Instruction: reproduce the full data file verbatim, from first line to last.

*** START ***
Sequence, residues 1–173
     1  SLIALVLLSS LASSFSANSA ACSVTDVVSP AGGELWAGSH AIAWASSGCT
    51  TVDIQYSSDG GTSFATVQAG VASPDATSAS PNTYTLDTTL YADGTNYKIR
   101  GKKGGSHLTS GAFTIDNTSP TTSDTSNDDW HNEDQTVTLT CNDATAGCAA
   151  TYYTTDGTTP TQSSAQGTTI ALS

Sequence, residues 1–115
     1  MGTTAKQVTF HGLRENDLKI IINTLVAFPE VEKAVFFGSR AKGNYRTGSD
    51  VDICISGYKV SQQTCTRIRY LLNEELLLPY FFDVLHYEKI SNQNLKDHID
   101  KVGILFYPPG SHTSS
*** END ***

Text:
Sequence, residues 1–173
     1  SLIALVLLSS LASSFSANSA ACSVTDVVSP AGGELWAGSH AIAWASSGCT
    51  TVDIQYSSDG GTSFATVQAG VASPDATSAS PNTYTLDTTL YADGTNYKIR
   101  GKKGGSHLTS GAFTIDNTSP TTSDTSNDDW HNEDQTVTLT CNDATAGCAA
   151  TYYTTDGTTP TQSSAQGTTI ALS

Sequence, residues 1–115
     1  MGTTAKQVTF HGLRENDLKI IINTLVAFPE VEKAVFFGSR AKGNYRTGSD
    51  VDICISGYKV SQQTCTRIRY LLNEELLLPY FFDVLHYEKI SNQNLKDHID
   101  KVGILFYPPG SHTSS